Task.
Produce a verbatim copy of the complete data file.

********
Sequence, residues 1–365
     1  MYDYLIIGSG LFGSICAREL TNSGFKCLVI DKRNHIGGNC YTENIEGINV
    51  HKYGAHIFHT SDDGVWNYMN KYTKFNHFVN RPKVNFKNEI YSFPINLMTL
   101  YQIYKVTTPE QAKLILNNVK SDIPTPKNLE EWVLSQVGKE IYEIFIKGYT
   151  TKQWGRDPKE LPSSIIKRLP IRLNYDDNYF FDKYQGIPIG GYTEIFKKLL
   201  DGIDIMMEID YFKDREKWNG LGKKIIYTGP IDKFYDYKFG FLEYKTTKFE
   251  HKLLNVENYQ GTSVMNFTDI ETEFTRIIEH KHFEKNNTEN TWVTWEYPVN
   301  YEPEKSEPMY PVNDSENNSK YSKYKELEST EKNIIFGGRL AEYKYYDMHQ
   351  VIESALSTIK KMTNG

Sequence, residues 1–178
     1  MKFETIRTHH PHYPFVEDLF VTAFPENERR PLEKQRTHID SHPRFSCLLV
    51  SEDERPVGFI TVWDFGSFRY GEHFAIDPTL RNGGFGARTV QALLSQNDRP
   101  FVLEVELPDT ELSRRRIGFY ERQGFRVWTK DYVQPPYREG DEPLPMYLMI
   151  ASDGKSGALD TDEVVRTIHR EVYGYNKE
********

Sequence, residues 1–365
     1  MYDYLIIGSG LFGSICAREL TNSGFKCLVI DKRNHIGGNC YTENIEGINV
    51  HKYGAHIFHT SDDGVWNYMN KYTKFNHFVN RPKVNFKNEI YSFPINLMTL
   101  YQIYKVTTPE QAKLILNNVK SDIPTPKNLE EWVLSQVGKE IYEIFIKGYT
   151  TKQWGRDPKE LPSSIIKRLP IRLNYDDNYF FDKYQGIPIG GYTEIFKKLL
   201  DGIDIMMEID YFKDREKWNG LGKKIIYTGP IDKFYDYKFG FLEYKTTKFE
   251  HKLLNVENYQ GTSVMNFTDI ETEFTRIIEH KHFEKNNTEN TWVTWEYPVN
   301  YEPEKSEPMY PVNDSENNSK YSKYKELEST EKNIIFGGRL AEYKYYDMHQ
   351  VIESALSTIK KMTNG

Sequence, residues 1–178
     1  MKFETIRTHH PHYPFVEDLF VTAFPENERR PLEKQRTHID SHPRFSCLLV
    51  SEDERPVGFI TVWDFGSFRY GEHFAIDPTL RNGGFGARTV QALLSQNDRP
   101  FVLEVELPDT ELSRRRIGFY ERQGFRVWTK DYVQPPYREG DEPLPMYLMI
   151  ASDGKSGALD TDEVVRTIHR EVYGYNKE